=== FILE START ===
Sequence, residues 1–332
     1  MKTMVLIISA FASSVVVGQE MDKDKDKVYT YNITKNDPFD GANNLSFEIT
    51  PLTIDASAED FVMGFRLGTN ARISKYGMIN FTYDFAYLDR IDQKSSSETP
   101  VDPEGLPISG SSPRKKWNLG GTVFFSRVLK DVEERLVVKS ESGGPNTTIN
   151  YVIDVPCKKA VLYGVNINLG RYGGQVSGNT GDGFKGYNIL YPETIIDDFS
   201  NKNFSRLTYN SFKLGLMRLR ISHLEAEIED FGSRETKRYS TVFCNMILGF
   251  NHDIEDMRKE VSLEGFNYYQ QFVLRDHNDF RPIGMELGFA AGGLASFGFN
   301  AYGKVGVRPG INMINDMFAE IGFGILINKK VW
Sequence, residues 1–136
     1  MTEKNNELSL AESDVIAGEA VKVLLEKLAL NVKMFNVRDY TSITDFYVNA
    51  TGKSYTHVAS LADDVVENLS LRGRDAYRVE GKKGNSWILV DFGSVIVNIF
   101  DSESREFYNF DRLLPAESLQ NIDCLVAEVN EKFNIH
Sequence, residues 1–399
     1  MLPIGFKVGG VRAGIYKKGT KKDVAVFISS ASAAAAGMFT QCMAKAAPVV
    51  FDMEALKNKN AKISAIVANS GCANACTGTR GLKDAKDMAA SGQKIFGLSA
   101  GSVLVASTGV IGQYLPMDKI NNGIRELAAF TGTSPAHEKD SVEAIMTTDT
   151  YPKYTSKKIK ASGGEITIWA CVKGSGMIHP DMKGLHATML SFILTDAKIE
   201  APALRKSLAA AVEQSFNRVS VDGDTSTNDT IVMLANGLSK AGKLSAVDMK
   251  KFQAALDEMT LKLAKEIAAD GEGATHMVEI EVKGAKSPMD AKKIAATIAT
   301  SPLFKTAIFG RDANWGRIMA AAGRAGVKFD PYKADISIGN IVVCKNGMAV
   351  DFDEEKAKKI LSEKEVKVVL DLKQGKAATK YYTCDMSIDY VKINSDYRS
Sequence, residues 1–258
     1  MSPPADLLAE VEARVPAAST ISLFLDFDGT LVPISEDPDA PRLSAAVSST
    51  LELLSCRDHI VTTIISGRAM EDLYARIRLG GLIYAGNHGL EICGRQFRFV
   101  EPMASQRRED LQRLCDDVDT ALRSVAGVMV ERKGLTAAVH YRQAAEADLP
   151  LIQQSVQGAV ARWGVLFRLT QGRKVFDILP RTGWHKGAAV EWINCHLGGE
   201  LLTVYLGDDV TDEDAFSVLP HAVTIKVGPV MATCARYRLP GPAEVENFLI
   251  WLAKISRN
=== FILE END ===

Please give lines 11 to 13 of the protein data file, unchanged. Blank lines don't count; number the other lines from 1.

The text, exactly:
    51  TGKSYTHVAS LADDVVENLS LRGRDAYRVE GKKGNSWILV DFGSVIVNIF
   101  DSESREFYNF DRLLPAESLQ NIDCLVAEVN EKFNIH
Sequence, residues 1–399